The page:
The gastronomy of the Marches reflects the Piceno origin of the population yet has seen the acceptance of the most disparate traditions, as documented by the wide variety of dishes offered. Even in the IVth century a.D. , the renowned Apicio compiled texts regarding roman cuisine, but it was not until the height of the Middle Ages that the first collection of recipes from the Marches was made.
The area of the Park of the Sibillines is rich in natural beauty, but it is also a very important center for fresh produce.
Cheese represents a very active market in the zone surrounding Vettore Mountain, as many months of the year, flocks of sheep and bovine graze in these pastures.
Over time, the cheese-making industry has made little change. The rennet is made in the same way it always has been, using the stomach lining of the goats and lambs.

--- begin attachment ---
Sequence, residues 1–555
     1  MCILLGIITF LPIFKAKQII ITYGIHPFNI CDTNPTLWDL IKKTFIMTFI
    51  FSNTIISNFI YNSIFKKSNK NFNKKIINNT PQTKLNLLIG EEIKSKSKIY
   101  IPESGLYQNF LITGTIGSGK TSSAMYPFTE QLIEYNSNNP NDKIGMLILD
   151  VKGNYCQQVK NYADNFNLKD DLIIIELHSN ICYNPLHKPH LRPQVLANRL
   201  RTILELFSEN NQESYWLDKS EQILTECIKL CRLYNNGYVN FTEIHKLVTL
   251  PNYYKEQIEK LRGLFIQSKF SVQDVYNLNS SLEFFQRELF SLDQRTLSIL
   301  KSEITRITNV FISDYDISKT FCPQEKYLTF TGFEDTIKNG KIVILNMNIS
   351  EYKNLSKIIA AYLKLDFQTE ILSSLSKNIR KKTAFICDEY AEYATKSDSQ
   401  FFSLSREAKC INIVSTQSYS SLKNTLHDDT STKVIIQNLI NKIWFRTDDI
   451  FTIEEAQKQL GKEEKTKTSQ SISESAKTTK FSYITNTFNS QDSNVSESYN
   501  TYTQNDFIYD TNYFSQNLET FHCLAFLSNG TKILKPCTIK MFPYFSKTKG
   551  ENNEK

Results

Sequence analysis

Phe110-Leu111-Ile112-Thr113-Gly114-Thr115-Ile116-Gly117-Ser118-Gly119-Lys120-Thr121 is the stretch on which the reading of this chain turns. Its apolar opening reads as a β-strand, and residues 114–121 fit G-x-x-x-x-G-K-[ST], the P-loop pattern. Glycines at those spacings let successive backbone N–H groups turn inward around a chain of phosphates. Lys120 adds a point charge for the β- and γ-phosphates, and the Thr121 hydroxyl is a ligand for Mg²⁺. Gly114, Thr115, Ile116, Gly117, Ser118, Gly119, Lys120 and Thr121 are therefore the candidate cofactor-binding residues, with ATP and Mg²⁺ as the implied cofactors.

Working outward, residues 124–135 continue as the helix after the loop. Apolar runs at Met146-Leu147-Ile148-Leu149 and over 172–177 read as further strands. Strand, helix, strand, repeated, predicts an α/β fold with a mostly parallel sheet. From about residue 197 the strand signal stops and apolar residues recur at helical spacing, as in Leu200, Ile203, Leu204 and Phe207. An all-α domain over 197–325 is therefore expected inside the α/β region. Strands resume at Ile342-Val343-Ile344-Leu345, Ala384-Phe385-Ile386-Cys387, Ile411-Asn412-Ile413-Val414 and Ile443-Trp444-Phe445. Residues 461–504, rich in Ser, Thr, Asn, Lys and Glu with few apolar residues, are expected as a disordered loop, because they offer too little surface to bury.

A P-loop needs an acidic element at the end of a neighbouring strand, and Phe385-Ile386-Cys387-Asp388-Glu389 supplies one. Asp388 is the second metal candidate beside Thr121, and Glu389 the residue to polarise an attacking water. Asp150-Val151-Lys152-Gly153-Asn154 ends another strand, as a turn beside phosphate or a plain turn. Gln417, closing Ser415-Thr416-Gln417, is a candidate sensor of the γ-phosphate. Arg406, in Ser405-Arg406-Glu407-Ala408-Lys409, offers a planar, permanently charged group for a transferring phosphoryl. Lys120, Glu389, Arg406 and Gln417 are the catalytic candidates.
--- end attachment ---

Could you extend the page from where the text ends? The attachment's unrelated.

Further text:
The sheep milk cheese (pecorino) from the Sibilline area is highly sought out in the old towns and farmhouses.
A type of cheese produced by individual farmers using strictly traditional techniques is produced in Comunanza.
The Marches’ dairy production is not very wide and it is specialized only in some typical kinds of cheese, such as ricotta, caciotte, fairly salty pecorino, which can be eaten also either young (form December to May) or seasoned (during the whole year).
Sometimes the dairy processes employ empirical methods, bringing forth a most genuine and savory cheese. The “Pecorino” cheese has to be considered a typical product of the Marches.
During the last decade, in the hinterland of Jesi, a repopulation of shepherds from Sicily and Sardinia has been taking place; they have given new strength to the sheep rearing and, as a direct consequence, to the dairy production.
The “Verdicchio- pecorino (seasoned) marriage” joins together harmoniously smells and tastes.
This cheese is perfect with a well-structured Verdicchio, produced in selected areas according to the traditions.
Courtesy of Il Verdicchio dei Castelli di Jesi